Brexit Chaos Intensifies
I suppose one must try to see the bright side of things for the British PM over the latest Brexit debacle. That would be that she turned the largest defeat in British parliamentary history into the fourth biggest ever defeat when she put her withdrawal deal to the Commons last night, progress of a sort. It is unsurprising that the deal was heavily voted down again last night because, to coin the phrase, “nothing has changed”. Despite having what she claimed were legally binding changes related to the contentious element of the backstop mechanism in the withdrawal agreement, her own Attorney General, Geoffrey Cox, told parliament that the UK could still remain “trapped” in the backstop which was enough to persuade Brexit supporting MPs to join opposition ranks and vote it down, again.
With just 16 days to go until Brexit happens, things are in a mess. There is talk that May may have a third attempt to pass the bill, but that seems to be an unrealistic prospect. Today, MPs will vote on whether to allow the UK to leave the EU without a deal and it is expected that a hefty majority will vote against such an outcome. May was at pains to say that such an outcome would not preclude a “no deal” exit, but would stop it for now. Parliamentarians are able to amend the legislation, of course, so it will be critical to see what form of words is finally passed tonight.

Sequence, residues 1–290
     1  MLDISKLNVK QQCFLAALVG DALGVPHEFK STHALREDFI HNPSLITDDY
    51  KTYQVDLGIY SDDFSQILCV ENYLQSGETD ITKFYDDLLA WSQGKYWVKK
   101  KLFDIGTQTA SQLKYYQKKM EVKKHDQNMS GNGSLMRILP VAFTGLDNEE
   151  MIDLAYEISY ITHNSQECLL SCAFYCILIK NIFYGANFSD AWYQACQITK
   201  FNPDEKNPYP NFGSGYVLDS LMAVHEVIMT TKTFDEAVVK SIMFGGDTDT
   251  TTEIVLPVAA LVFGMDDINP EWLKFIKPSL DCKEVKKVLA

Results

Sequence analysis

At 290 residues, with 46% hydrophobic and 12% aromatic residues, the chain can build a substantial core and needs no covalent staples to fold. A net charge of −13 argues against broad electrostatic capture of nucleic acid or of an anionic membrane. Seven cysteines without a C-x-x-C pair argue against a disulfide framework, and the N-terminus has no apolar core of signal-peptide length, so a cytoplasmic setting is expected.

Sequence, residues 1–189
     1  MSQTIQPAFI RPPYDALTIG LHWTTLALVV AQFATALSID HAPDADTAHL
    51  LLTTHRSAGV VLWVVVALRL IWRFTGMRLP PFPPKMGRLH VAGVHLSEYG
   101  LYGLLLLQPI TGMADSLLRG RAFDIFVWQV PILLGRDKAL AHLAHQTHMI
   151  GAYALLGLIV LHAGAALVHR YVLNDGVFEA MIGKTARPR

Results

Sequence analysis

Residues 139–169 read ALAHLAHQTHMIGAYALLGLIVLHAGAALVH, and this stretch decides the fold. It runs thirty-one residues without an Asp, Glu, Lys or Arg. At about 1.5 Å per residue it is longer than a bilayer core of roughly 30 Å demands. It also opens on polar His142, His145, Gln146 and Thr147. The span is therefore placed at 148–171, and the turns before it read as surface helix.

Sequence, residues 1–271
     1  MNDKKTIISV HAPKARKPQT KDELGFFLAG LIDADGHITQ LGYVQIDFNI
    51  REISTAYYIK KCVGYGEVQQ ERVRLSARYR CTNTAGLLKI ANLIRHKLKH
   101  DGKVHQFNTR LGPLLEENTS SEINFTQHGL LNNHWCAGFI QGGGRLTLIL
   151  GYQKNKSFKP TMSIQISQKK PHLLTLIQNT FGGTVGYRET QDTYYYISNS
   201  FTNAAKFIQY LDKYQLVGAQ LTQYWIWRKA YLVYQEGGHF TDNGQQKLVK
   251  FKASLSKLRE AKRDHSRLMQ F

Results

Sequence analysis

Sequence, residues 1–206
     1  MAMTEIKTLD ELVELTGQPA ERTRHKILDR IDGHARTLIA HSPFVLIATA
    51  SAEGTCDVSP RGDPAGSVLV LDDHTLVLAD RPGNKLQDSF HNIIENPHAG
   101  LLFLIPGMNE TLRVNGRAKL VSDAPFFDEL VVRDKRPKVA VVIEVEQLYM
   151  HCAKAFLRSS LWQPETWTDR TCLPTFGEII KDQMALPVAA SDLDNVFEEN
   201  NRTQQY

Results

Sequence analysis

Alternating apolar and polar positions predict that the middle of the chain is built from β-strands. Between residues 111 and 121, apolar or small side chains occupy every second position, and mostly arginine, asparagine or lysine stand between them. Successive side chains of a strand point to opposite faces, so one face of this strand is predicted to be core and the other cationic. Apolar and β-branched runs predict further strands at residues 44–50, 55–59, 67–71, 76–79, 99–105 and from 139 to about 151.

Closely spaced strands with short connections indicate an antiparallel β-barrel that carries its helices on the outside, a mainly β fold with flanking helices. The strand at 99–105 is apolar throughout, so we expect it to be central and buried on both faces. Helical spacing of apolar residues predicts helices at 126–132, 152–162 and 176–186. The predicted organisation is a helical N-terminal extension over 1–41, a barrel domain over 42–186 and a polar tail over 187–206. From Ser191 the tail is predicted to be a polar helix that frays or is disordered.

Assuming that “no deal” is ruled out then a further vote is to be held tomorrow to call for an extension to the notice period under Article 50. Here we move into uncharted waters. As things stand, an extension requires the unanimous backing of the EU states and consequently, all the UK parliament can do is to make a request. EU states have been clear that any extension must be accompanied by substantive reasons although they have not spelled out exactly what is required. Plainly, a further referendum in the UK would gain the backing of the EU, but parliament has yet to endorse such a path.
The most likely scenario to a further vote would be along the lines of a proposed amendment (the Kyle amendment) which would provide tacit backing of May’s withdrawal deal, but on the proviso that it gained public backing in another vote where the choice given to the electorate is to accept May’s deal and leave the EU (on those terms) or to determine to remain an EU state. This amendment has yet to get off the ground, but it is surely a viable alternative.
The UK political world is highly volatile at the moment and nobody is making any firm predictions about how events will unfold. More, undoubtedly, tomorrow…